On the occasion of the International Women’s Day, celebrated all around the world on the 8th March, we publish the interview made to Mrs. Nadia Harb, a woman rights and gender equality activist who has supported a variety of initiatives to empower Palestinian rural women socially, economically and politically.

She is the General Director for the Rural Women Development Society, RWDS, since 2009.

She participated as a key speaker in the CEMO Seminar: “Rights of women in rural areas in Palestine from the perspective of cooperation” organized by the Social Promotion Foundation in the Arab House in Madrid on 28th June, 2018.

Rural Women Development Society (RWDS) is one of the local partners of Social Promotion Foundation of the Agreement “Contribute to improving the resilience of vulnerable rural communities in West Bank and Gaza to enable their access to rights in a sustainable and equitable manner” This agreement, among other goals, promotes the accesability of rural women to natural resources and the improvement of their productive and institutional capacities through access to agricultural production and techniques especially through cooperatives. In the framework of the new agreement, public awareness about gender equality and access to rights will be incited. This agreement is funded by the Spanish Agency for International Development Cooperation (AECID).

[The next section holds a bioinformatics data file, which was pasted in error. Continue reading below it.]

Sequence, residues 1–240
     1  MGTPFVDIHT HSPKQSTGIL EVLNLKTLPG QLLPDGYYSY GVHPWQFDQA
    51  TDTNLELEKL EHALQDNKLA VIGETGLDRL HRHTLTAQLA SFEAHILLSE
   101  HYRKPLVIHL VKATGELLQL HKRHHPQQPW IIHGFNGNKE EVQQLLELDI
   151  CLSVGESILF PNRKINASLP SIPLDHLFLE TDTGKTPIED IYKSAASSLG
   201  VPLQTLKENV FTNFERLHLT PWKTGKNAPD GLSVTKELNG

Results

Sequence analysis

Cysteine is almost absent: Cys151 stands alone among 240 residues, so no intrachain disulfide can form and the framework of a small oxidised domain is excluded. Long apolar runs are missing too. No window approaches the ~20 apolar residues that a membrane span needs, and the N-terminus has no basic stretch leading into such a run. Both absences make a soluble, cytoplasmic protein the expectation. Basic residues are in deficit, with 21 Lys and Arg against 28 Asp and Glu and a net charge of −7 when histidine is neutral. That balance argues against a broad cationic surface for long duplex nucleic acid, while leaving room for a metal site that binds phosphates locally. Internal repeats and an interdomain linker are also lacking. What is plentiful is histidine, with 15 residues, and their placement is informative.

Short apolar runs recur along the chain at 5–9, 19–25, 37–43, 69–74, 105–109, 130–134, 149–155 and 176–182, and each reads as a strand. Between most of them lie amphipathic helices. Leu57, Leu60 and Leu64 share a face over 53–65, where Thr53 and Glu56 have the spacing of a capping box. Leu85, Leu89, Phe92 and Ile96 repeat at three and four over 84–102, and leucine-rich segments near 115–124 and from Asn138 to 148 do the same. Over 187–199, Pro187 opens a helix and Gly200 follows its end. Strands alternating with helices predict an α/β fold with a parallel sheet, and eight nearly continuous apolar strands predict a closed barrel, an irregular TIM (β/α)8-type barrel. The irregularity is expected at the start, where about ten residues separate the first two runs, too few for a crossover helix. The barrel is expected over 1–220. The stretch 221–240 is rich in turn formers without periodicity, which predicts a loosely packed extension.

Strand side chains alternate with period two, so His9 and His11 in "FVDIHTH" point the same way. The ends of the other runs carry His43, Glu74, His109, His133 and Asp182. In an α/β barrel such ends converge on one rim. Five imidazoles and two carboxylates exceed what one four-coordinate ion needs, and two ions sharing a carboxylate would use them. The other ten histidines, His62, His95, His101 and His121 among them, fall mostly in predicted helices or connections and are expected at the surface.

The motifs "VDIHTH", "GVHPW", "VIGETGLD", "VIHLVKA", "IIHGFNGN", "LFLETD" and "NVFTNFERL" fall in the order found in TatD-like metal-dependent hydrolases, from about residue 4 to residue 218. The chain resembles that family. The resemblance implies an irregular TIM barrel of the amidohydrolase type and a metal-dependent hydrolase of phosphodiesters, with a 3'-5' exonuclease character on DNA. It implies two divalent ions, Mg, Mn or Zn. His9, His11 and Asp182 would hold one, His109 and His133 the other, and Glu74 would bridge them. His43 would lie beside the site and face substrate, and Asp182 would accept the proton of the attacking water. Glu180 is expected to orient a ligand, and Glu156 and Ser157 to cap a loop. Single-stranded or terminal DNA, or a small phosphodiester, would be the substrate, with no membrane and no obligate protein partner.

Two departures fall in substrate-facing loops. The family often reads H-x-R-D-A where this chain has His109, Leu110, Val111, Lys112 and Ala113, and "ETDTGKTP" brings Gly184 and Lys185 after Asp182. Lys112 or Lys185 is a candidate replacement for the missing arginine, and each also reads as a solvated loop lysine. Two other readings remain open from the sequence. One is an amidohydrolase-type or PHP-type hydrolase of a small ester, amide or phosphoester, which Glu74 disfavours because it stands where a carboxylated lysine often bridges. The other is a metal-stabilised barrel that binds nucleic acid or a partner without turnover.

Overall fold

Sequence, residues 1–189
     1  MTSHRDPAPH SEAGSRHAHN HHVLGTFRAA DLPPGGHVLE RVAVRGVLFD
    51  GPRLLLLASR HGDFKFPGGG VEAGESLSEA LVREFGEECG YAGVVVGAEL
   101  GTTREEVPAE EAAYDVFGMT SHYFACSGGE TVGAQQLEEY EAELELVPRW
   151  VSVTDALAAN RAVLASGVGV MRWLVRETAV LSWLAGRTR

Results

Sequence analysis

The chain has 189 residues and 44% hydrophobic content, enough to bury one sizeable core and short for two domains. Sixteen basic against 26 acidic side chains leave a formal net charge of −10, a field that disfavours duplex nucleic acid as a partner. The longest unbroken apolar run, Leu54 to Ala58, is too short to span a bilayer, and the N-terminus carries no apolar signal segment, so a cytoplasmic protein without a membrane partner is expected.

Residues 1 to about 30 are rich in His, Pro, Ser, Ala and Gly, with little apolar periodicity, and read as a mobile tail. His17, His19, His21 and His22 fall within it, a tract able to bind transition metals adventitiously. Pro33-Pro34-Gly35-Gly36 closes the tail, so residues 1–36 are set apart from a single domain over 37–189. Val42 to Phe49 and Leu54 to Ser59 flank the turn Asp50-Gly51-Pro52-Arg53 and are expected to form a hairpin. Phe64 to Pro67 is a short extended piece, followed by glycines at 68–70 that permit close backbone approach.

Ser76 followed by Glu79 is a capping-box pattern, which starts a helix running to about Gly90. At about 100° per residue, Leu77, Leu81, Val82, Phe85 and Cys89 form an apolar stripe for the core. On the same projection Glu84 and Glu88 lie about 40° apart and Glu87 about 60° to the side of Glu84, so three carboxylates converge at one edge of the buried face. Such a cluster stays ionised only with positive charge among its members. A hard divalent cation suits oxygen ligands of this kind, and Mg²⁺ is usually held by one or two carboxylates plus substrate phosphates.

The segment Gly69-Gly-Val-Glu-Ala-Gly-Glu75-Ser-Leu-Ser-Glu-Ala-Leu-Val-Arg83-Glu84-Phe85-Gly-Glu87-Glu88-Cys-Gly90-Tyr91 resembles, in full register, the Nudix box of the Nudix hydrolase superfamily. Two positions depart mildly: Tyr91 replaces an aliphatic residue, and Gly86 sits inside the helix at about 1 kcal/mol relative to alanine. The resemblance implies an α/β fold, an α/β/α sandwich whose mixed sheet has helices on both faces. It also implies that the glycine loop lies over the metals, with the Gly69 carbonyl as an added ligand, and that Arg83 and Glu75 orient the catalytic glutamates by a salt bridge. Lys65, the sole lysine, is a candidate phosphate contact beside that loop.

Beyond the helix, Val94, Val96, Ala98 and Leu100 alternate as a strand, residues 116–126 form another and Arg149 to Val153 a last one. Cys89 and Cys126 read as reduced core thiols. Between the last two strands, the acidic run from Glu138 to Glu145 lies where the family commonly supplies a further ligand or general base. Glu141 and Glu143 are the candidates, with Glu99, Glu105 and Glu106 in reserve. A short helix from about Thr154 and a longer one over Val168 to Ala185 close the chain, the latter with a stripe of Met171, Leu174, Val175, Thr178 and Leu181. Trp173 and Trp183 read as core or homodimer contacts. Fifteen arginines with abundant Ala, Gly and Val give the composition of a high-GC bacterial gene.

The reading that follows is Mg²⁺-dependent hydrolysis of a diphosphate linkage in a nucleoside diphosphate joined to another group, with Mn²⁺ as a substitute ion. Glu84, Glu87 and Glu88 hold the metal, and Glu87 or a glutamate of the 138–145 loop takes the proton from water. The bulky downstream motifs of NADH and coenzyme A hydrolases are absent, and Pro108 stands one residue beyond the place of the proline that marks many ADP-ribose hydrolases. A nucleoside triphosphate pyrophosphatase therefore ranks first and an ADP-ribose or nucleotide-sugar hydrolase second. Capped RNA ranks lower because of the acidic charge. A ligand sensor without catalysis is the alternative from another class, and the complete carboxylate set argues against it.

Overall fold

FPS: Which is the role of RWDS in Palestine?

NH: RWDS has a strong and respected presence among grassroots rural communities, with over 3,000 female members that form a network of 58 women’s clubs. It is this unique structure, geographic breadth and large core of dedicated volunteers that distinguish RWDS from other Palestinian women’s organizations.

We advance the rights of rural women by fostering empowering and supportive spaces within their local communities. This is achieved through clubs, which highlight women’s invaluable contribution to Palestinian society, and through designing innovative projects on the topics of economic empowerment, political and social participation, and the prevention of violence. We use education and community participation, as well as mobilization, skill-building, and advocacy as tools to develop women into strong, committed and able leaders.

FPS: Why is it so important to empower women in this context?